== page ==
Tanking does not guarantee you the ultimate prize. So why would you want to do that? In one sense, that team would be guaranteed a pick no lower than a certain spot. If they want to maximize their odds, I suppose you could do that. But what kind of a message does that send to the team? What about to their fans?
It takes luck in this system to land the top pick. The Maple Leafs got lucky. It has worked out for them with Auston Matthews. But now they need to win in the playoffs.
But what about teams like the Buffalo Sabres? They’ve won the lottery three times! Jack Eichel, Rasmus Dahlin and Owen Power are their three number-one picks. They still haven’t made the playoffs in more than a decade.
What is the difference between the Blue Jackets and Sabres right now? Culture. Plain and simple. It’s what happens in the locker room. It’s also what is and isn’t acceptable.
During that decade of the Sabres’ not making the playoffs, the Blue Jackets under John Tortorella got to four consecutive playoffs. Why? That’s because they had a standard. They played the right way and everyone bought into it. That took them farther than anything the Sabres have done so far.
Even the Oilers have just one playoff series win in the career of Connor McDavid so far. They suffered through a lot of the same things the Sabres did with having a problem with the culture around the team. So you wanna tank do you? Good luck with that.
Blue Jackets On The Right Track
While they still have a lot of things to address, this February surge for the Blue Jackets shows they are on the right track. There is evidence the locker room is coming together. They are back to reestablishing their standard. This will bode well for them in future seasons.
As for the question about getting better, the Blue Jackets’ situation in that regard looks strong. They have two first-round picks in 2022 to add to an already strong prospect pool. They have cap space available to them that could be turned into another pick or even a good player given the LTIR situations around the league. They have multiple ways of being able to improve without having to depend on flat out tanking.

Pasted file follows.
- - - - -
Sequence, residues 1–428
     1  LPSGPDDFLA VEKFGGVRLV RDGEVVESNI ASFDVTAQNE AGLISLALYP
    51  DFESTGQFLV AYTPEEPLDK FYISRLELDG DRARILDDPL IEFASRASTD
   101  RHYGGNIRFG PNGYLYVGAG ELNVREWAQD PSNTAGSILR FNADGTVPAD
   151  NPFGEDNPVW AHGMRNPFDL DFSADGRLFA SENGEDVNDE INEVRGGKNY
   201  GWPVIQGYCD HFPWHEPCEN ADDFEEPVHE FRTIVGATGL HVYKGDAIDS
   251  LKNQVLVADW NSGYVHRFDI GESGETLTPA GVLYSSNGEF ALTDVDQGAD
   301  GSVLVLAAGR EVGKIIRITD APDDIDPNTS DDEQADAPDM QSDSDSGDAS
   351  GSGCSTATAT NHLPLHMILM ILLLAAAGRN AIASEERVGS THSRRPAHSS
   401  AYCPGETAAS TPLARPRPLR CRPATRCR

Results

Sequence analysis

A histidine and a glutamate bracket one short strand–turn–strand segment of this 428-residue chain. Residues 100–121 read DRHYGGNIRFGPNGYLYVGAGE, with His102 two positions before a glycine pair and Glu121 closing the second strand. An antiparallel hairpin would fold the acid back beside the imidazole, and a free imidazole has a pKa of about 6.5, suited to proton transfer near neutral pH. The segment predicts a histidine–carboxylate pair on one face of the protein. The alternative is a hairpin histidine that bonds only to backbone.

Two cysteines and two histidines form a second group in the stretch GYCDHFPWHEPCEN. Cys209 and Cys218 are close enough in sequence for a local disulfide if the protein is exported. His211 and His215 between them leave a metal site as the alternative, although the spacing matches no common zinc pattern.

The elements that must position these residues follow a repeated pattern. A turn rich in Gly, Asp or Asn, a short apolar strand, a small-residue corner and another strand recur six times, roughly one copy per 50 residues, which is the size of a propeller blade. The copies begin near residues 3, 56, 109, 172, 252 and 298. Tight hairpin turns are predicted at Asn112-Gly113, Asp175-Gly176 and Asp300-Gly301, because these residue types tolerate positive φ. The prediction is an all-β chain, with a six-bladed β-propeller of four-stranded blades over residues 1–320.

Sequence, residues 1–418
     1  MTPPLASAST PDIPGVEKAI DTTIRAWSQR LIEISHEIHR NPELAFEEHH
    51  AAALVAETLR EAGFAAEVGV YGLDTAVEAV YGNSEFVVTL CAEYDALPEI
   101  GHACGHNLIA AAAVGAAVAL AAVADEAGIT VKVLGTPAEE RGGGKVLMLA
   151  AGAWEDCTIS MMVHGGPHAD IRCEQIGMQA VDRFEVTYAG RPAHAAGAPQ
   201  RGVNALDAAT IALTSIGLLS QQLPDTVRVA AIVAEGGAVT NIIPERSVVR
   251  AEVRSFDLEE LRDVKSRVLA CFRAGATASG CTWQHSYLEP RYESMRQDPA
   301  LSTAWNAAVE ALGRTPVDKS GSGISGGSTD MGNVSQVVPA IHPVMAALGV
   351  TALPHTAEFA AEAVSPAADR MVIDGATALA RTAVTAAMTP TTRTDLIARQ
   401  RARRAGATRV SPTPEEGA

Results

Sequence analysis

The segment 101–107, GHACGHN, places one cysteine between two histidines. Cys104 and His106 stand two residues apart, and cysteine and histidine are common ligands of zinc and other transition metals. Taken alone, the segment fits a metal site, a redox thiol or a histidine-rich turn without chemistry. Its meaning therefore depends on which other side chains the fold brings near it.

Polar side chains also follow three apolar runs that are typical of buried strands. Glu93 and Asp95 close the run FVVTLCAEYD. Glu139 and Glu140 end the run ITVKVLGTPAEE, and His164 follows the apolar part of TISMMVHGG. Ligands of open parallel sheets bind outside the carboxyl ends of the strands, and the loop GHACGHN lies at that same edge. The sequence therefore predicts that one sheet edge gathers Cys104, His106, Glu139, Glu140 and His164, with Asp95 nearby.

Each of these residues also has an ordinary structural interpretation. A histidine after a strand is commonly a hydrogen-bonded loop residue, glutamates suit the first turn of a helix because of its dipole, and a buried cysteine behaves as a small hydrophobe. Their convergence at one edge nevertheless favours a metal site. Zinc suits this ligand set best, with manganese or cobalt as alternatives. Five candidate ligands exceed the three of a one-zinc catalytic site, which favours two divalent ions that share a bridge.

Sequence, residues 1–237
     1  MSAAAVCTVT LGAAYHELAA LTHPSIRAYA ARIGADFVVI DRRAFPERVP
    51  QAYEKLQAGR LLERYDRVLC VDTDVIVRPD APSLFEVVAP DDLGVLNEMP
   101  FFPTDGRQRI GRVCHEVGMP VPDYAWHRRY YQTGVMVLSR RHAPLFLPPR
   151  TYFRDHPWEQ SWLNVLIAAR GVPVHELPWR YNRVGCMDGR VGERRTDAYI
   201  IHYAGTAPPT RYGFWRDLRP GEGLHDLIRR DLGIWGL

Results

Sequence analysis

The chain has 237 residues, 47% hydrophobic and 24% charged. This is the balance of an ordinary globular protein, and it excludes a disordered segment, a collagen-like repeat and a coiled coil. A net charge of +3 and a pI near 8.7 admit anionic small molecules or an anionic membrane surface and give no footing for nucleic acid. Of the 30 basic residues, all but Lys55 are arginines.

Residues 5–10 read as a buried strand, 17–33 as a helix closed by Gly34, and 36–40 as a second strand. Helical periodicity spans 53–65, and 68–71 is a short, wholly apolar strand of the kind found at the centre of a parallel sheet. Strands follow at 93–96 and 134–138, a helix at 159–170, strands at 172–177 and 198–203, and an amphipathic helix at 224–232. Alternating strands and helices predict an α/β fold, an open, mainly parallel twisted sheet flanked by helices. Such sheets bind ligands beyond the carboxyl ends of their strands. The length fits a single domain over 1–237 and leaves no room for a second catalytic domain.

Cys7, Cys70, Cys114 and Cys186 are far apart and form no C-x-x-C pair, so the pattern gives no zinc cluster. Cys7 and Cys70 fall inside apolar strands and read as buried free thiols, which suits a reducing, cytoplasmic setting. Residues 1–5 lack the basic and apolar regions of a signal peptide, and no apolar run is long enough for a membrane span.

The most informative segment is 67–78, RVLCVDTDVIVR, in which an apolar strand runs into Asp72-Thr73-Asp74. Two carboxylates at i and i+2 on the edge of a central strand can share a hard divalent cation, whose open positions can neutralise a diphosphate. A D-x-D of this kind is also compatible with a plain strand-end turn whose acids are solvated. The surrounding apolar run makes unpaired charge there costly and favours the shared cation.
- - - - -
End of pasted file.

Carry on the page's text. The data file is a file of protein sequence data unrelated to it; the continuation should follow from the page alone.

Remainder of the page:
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Need an example? Look at the Panthers under Bill Zito. Aleksander Barkov was second overall in 2013. Jonathan Huberdeau was third overall in 2011. For years, they struggled. But Zito came in and made the right moves early on. Now look at them. They’re among the elite in the NHL. They landed a player like Anton Lundell 12th overall in 2020. He is on some Calder ballots as we speak. You can get good talent outside the top-five picks.
In the end, the Blue Jackets 7-2 run in February should be seen as a good thing. They’re showing progress towards what their future will look like. They have reinforcements coming soon and ways to improve their team. Yet it’s their culture that makes their outlook bright. Tanking is not their standard nor will they ever engage in it.
Sorry tankers. The time has come to take that mindset out of your thinking if you’re rooting for the Blue Jackets.
I am a fully credentialed writer who covers the Columbus Blue Jackets, Cleveland Monsters and Erie Otters as well as the Ontario Hockey League and NHL Draft. The 2021-22 season will mark eight seasons with the Hockey Writers. I am also the site’s Credentials Manager.